Summary of
Rheingold, Howard, Virtual Communities: Homesteading on the Electronic Frontier New York: HarperPerennial, 1993.

Written by Cherie Bowers, member of the Virtual Communities focus group for Professor Howard Besser's Impact on New Information Resources, Winter 96, School of Information, University of Michigan.
An outspoken advocate of computer culture, Howard Rheingold defines a virtual community as an Internet-based social group which is formed when enough people engage in public discussion for a protracted amount of time and with enough feeling to establish personal relationships in cyberspace or electronic forums. These relationships are developed via a tool known as computer-mediated communication (CMC). CMC is a networked environment of computers connected with telecommunication software and modems which allow users to exchange messages with others linked by similar networking arrangements. This networking technology facilitates arguably low cost communication opportunities for connected computer users across the globe.

With their roots in the 1970's US Department of Defense project, ARPANET,virtual communities and CMC first emerged as scientists developed a system to share computer data files across points along a distributed geographical map. The research directors of ARPANET predicted the acceptance of virtual communities as those "not of common location, but of common interest." These computer links were the beginnings of the Internet. Along with the data files, scientists included personal messages to one another.

For some computer users, bulletin boards, Usenet groups, Internet Relay Chat rooms, private email, email discussion groups and listservs, and role playing interactive database games such as MUDs and MOOs are all environments which can foster a sense of virtual community. Computer users join others on line to exchange messages, to discuss issues, to ask for assistance, to offer advice and to play games.

Rheingold suggests that virtual communities transcend the traditional boundaries of community and create a genuinely new medium in which individuals can form interpersonal relationships. Cyberlore is filled with tales of relationships starting as casual. Rheingold states that these networks of people who share similar interests strengthens our connections through the exchange of ideas. Members of virtual communities have emotional bonds with each other through support and sharing which takes place online. Some of these online relationships spill into real life events, when virtual community members meet socially for picnics, parties, and weddings.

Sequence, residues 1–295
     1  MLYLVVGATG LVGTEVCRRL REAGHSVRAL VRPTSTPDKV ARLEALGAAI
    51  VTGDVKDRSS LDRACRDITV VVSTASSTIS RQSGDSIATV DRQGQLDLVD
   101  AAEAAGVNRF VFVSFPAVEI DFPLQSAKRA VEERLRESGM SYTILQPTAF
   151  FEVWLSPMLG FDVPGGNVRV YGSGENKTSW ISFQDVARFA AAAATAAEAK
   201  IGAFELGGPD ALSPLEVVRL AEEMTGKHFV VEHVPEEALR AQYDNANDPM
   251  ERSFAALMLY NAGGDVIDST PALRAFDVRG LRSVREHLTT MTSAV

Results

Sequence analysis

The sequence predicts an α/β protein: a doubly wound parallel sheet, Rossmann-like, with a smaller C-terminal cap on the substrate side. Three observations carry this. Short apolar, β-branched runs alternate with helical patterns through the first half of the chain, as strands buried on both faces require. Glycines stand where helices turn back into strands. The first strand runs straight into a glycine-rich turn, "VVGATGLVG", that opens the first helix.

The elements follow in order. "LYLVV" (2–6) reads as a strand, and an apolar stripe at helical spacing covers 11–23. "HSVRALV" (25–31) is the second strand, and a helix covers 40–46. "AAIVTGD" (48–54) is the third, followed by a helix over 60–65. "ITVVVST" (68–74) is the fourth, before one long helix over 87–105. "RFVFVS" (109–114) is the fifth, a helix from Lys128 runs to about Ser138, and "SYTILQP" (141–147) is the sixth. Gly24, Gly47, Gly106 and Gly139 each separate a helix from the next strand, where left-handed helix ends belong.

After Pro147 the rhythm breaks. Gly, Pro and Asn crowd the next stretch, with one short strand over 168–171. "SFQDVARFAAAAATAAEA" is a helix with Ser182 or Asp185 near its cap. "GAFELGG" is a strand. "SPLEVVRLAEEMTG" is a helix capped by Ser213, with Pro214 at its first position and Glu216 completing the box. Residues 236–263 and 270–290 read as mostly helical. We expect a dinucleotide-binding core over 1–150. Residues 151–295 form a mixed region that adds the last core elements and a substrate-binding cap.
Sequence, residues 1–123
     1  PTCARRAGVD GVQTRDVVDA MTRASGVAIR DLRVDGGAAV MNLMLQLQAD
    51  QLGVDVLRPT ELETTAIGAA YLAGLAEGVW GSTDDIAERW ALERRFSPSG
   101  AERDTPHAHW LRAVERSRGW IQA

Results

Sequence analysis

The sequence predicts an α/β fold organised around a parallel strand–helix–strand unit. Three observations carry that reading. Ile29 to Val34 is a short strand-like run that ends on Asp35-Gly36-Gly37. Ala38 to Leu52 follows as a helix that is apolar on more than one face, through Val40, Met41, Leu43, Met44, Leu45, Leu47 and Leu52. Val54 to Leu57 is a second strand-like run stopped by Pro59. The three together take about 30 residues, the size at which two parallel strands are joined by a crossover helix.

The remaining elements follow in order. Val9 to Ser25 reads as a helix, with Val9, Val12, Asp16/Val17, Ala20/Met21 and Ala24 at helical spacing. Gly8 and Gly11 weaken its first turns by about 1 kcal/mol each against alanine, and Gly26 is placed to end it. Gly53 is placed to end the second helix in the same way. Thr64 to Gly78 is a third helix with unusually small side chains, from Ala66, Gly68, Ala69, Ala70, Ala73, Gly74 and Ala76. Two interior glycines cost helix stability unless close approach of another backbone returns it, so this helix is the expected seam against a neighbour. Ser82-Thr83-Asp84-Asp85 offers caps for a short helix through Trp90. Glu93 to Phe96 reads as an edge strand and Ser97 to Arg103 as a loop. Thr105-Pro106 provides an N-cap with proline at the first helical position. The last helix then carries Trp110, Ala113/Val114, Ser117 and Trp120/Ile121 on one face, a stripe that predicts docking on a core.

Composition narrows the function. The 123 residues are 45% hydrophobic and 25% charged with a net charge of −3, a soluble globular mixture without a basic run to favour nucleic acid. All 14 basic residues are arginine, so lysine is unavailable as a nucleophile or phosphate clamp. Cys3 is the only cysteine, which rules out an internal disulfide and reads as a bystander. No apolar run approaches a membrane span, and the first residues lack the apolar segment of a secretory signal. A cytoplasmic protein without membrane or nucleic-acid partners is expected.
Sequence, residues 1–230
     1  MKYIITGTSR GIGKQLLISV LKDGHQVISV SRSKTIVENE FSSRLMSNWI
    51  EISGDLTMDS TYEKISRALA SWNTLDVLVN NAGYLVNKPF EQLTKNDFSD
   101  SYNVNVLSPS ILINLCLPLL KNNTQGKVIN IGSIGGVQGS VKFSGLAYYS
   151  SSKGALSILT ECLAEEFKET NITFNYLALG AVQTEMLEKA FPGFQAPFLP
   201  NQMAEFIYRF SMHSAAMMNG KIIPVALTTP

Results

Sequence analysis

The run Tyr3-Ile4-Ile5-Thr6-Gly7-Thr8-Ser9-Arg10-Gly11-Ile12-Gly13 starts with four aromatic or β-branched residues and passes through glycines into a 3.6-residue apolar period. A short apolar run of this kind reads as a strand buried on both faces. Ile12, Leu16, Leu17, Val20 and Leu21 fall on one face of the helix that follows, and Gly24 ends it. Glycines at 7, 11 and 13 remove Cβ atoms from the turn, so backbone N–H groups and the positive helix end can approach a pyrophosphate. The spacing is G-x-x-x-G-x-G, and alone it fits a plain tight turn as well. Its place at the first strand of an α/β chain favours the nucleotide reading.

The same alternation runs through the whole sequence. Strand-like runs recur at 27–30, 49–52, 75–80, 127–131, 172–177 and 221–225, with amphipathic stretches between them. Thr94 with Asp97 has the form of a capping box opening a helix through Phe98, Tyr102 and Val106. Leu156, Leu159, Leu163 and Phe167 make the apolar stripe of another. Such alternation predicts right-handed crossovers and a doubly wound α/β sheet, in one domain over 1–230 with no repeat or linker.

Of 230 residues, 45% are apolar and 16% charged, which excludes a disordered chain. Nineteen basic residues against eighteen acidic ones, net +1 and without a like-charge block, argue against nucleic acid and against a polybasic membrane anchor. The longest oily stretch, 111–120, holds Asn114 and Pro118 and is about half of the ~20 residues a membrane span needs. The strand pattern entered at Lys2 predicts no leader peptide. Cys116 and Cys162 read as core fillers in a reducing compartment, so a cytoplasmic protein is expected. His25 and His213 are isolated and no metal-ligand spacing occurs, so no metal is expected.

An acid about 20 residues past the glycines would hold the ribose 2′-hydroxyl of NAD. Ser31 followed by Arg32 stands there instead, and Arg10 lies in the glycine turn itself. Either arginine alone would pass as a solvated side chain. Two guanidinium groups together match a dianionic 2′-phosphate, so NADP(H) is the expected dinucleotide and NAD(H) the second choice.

In his chapter, Disinformocracy, Rheingold advises caution against embracing technology's role to shape our sense of reality. So much attention is given to the entertainment industry, advertisers, and members of the media that we are moving within a state of what he calls hyper-reality. Rheingold suggests that if we are not mindful of the sources and quality of the information in which we choose to believe, society may lose the ability differentiate what is "real" and what has been packaged and marketed for our consumption. In the end, it will be up to each of us to decide.

Cherie Bowers School of Information, University of Michigan Ann Arbor

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This document was created and is maintained by the Virtual Communities group in Howard Besser's ILS 604 class (Winter 1996)